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Explore the sounds of Sequoia & Kings Canyon National Parks, visiting scenic landscapes from the foothills to conifer forests, meadows, and high-elevation alpine areas and listening to the rich diversity of sounds across park elevations.

Canyon wren perched on granite rock
When walking near streams or canyons, listen for the melodic descending song of the canyon wren.

Gary Lindquist

The natural sounds that characterize soundscapes are important for both animals and people. Animals make sounds to communicate, establish territories, and court potential mates. They must listen to sounds to find food and avoid predators. In the spring, listen for the variety of birdsong filling the air, as male birds sing to advertise their territories to competitors and attract mates. Bats use high-pitched calls to echolocate (emitting sound that echoes back from objects they encounter), which helps them find flying insects and avoid things like canyon walls or trees. Amphibians may all chorus together from different locations to confuse predators. Coyotes yip and howl primarily to communicate with each other.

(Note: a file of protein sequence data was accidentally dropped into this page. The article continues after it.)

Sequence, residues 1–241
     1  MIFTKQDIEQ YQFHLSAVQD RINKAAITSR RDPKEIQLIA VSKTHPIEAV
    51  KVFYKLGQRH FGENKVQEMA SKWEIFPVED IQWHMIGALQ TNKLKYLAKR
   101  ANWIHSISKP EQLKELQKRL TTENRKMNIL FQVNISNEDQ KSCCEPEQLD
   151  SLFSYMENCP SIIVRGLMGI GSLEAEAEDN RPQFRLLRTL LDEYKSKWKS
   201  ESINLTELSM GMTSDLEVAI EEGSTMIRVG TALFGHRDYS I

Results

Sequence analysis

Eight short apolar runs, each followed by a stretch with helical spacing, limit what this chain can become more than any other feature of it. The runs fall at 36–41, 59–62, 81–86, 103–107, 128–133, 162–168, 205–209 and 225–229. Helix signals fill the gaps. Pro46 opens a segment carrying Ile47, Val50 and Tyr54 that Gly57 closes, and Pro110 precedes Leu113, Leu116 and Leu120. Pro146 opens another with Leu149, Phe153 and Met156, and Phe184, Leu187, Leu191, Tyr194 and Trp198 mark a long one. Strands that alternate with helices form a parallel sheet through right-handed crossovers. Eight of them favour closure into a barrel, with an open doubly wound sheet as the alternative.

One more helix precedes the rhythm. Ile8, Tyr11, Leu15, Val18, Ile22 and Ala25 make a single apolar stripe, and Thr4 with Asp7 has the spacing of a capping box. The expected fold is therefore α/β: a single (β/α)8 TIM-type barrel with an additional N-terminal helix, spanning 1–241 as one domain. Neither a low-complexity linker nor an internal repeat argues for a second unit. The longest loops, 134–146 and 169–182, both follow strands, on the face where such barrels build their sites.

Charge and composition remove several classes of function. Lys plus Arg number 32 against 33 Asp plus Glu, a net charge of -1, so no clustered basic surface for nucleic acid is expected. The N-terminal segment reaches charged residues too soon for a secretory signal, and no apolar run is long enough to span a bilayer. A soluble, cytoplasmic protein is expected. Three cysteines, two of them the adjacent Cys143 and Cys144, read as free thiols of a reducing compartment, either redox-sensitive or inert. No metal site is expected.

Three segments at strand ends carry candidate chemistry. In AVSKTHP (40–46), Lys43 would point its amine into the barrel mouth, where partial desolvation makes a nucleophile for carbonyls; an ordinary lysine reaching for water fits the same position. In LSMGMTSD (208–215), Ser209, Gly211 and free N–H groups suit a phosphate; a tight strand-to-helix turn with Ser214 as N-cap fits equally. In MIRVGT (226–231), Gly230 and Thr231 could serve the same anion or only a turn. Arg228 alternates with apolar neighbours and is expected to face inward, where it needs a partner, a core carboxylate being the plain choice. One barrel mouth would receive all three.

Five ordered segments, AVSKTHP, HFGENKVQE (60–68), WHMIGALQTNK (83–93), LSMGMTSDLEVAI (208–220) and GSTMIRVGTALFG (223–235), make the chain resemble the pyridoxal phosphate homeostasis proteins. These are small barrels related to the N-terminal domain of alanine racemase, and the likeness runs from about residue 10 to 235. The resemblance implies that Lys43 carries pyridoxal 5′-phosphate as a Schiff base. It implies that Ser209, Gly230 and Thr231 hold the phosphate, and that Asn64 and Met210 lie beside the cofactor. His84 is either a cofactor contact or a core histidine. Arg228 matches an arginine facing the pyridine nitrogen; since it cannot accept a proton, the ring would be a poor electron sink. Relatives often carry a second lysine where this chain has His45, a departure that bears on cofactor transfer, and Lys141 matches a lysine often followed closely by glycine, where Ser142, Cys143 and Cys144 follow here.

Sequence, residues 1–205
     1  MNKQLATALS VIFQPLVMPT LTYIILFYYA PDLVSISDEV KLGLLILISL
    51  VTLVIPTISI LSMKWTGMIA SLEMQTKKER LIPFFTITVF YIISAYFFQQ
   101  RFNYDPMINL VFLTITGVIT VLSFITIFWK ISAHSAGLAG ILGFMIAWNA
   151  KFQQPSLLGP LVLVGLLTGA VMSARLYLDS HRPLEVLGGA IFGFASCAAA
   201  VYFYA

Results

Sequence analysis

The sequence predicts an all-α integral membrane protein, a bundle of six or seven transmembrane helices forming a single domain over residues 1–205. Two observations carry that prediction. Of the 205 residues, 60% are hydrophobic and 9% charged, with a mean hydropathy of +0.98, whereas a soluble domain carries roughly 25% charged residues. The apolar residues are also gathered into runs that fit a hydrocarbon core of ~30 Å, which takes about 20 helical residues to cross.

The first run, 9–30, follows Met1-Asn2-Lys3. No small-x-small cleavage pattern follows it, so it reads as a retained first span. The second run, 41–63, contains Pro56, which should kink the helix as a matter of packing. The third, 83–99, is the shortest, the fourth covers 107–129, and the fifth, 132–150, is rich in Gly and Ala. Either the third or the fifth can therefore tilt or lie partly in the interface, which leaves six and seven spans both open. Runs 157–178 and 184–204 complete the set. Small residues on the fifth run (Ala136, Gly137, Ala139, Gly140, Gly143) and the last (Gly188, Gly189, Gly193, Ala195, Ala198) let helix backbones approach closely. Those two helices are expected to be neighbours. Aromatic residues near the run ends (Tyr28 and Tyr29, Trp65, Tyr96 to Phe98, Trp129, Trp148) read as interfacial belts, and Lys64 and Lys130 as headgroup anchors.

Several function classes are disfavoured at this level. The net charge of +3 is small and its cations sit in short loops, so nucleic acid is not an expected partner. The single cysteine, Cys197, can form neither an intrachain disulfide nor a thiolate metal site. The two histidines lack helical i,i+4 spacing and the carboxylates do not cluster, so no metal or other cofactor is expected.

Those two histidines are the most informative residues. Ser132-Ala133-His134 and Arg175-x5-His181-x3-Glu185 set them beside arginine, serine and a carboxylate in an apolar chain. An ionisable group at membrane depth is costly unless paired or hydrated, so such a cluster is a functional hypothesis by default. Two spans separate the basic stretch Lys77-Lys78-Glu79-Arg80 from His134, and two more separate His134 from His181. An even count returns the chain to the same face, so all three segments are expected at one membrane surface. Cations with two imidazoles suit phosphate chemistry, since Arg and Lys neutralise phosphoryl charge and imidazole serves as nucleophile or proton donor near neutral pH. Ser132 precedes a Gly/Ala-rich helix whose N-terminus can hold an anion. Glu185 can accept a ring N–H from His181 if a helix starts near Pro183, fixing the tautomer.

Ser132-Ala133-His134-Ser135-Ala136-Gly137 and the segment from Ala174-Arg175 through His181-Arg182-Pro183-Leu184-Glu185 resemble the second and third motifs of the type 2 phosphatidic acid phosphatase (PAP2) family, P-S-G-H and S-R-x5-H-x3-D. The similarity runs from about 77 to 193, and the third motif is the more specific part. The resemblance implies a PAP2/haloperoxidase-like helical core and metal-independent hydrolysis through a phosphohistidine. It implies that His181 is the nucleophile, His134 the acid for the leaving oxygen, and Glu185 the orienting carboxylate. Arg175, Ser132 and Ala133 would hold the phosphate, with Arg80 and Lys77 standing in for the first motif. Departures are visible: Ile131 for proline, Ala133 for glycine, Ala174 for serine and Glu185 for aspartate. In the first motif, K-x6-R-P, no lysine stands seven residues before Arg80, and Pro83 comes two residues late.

A group of 3 people with backpacks cross a stream by stepping on rocks.
Hikers cross a stream in Kings Canyon National Park.

Wesley Meyers

People come to parks to experience natural quiet and the sounds of nature, in addition to seeing the scenery and wildlife. While in a park or other natural area, listen to the soundscape around you. The sounds of running water, wind through tree branches, and your footsteps crunching against dry branches or leaves provide a contrast to the blaring horns, pounding of hammers, or mechanical noise of cars and heavy equipment you typically hear in cities. Paying attention to natural sounds can lead you to see a bird or another animal you might have missed if you were on your phone or listening to music on a headset. Scientific research indicates that hearing natural sounds brings health benefits for humans, such as lowered stress, improved mood, cognition, and social well-being.


Learn More

National Park Service scientists use specialized recording equipment to conduct monitoring of park soundscapes. Visit our web page "Exploring Soundscapes" to learn more about what we study in Sequoia & Kings Canyon National Parks, and how this work will help us better track and understand changes in biodiversity. Many of the sounds recorded are now available for you to experience through a story map and a digital sound library. Explore the links below to enjoy the parks' soundscape for yourself!


Listening to Park Soundscapes

Last updated: April 4, 2024

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Three Rivers, CA 93271


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